By Jamaal Ryan
From the Black marine at the opening of the co-op trailer revealed yesterday, to the woman wearing the vicious looking Head Hunter mask, gender and racial representation in Call of Duty: Advanced Warfare tops almost any other game that I’ve ever seen before.
Sure, you have your Commander Shepards, your Skyrim avatars, and your Destiny Guardians, but Advanced Warfare doesn’t simply open the option to adjust skin tone, there are preset races and sexes present throughout both the campaign and the multiplayer.
There’s something about seeing a game taking the time to model characters from different races by not just sliding the color slider to dark, but rendering hair texture and modeling facial features so that they don’t simply look like the early black Ken dolls in the 90’s. There’s also something about watching women look totally badass with big guns, and decked out armor, duking it out in this high octane military shooter.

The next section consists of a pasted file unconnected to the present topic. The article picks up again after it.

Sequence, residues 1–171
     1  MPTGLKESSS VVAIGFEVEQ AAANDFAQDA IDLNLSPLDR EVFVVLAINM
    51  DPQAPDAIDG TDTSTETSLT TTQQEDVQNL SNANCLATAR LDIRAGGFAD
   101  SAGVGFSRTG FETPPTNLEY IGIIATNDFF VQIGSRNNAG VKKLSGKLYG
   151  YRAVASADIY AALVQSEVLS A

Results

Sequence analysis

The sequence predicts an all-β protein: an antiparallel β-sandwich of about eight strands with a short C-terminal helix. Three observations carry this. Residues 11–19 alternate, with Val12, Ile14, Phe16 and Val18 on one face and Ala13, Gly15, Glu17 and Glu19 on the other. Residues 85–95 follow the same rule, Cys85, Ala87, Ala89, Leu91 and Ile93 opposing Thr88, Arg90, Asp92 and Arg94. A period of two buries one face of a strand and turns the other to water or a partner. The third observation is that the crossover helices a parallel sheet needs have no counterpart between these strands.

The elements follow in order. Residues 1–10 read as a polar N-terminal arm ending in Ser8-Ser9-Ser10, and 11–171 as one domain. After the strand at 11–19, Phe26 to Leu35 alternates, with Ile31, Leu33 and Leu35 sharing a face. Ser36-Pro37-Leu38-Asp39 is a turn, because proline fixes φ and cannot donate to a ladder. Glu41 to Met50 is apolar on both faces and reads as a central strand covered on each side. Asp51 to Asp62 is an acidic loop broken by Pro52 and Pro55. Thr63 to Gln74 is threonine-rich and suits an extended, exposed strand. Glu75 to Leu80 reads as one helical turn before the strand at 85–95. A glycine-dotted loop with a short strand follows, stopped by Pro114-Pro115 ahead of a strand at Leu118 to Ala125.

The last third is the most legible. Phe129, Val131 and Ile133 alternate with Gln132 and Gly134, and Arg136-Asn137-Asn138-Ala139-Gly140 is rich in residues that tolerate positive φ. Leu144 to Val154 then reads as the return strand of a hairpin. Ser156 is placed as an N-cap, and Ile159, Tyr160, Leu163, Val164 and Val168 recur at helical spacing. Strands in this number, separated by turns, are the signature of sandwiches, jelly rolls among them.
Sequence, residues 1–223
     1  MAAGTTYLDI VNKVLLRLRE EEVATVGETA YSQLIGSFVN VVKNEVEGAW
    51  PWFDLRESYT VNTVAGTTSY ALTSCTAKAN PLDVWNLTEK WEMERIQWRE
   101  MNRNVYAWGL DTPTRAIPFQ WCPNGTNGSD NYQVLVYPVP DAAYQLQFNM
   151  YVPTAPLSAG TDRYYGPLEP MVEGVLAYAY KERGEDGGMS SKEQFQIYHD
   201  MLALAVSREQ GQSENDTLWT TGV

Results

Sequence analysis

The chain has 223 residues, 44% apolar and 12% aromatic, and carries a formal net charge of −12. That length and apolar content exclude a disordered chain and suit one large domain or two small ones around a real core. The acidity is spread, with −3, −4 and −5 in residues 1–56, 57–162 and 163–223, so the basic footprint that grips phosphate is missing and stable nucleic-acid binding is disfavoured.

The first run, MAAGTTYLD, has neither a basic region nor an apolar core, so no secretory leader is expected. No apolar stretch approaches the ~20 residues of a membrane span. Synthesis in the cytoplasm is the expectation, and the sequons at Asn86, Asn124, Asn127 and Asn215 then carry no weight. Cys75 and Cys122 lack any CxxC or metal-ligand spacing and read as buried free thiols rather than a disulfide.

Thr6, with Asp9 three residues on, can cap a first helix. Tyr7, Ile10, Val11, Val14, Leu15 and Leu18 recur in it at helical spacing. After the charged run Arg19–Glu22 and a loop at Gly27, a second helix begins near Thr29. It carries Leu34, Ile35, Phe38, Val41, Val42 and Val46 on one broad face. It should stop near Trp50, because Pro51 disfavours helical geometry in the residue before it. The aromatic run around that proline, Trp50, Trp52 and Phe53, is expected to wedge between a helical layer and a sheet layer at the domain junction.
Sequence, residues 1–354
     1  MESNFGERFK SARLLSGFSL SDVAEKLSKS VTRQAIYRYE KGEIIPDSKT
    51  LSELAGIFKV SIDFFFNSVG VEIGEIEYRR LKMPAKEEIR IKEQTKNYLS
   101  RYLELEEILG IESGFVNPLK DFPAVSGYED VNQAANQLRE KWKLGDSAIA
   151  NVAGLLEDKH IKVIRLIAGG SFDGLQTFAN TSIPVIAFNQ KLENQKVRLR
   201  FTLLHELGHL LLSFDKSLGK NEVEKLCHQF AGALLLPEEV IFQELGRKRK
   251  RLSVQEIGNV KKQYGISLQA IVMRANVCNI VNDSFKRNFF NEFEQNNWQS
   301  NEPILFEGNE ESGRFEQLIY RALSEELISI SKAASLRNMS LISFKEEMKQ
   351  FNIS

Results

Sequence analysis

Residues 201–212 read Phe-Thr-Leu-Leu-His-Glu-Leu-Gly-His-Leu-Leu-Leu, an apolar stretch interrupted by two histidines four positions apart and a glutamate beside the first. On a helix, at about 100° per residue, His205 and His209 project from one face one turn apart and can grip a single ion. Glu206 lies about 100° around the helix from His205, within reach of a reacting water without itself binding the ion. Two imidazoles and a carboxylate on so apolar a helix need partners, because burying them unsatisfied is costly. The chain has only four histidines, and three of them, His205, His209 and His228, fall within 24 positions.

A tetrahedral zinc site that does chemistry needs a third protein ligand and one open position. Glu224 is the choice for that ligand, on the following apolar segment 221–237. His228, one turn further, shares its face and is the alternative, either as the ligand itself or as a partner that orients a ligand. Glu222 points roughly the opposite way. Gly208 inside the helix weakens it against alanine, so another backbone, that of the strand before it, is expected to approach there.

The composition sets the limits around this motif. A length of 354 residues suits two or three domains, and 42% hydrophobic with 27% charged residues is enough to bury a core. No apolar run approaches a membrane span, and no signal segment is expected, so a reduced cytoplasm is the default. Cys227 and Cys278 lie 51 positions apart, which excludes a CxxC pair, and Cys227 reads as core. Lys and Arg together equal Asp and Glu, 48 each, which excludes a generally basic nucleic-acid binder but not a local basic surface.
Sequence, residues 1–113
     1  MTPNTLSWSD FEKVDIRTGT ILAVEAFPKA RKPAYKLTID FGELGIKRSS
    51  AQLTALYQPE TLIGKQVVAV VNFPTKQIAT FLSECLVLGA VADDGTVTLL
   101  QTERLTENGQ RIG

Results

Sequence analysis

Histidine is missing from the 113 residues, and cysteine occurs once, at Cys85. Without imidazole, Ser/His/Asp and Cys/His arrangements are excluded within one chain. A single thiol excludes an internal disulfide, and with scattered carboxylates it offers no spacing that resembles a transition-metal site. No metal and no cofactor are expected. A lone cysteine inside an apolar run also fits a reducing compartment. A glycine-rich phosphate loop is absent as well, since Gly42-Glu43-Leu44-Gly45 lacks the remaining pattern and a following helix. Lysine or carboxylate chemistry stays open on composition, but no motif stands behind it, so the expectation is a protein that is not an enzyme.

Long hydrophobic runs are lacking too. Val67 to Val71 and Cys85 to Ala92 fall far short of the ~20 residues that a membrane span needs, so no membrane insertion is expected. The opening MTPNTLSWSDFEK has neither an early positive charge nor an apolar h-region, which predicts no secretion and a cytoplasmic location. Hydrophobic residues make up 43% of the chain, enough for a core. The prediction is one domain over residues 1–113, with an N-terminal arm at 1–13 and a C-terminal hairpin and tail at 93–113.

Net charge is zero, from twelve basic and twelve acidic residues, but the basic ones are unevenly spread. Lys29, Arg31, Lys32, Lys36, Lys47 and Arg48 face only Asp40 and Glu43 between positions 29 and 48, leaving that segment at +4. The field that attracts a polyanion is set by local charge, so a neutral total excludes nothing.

People were all to cynical about Call of Duty: Ghosts’ proud reveal of enabling players to customize their soldiers as female characters, often scoffing it with, “Well it about fucking time.” But I ask them, “How many military shooters featured female avatars at the time?” Not many.
Activision and Sledgehammer seem to be making a conscious decision on promoting the fact that they have such a diverse representation. It’s no mistake that we’ve seen so many women and blacks in all of their trailers.
This not only proves that there is growing recognition that players are mixed in both sex and ethnicity, but it also proves that the illegitimate fear of social awareness in games has zero negative impact on the titles themselves, both indie and AAA. Here is Activision’s most lucrative franchise representing minorities and women. Later this year, one of Ubisoft’s most successful franchise will feature a non-white lead whose heritage comes from the Himalayas. Neither decision compromises the fact that both Advanced Warfare and Far Cry 4 look fucking awesome.
It won’t be long before we get a lead in a AAA game who’s a Hispanic or Asian woman. Some may argue that Mirror’s Edge’s Faith fills that slot already.
Image courtesy of The Independent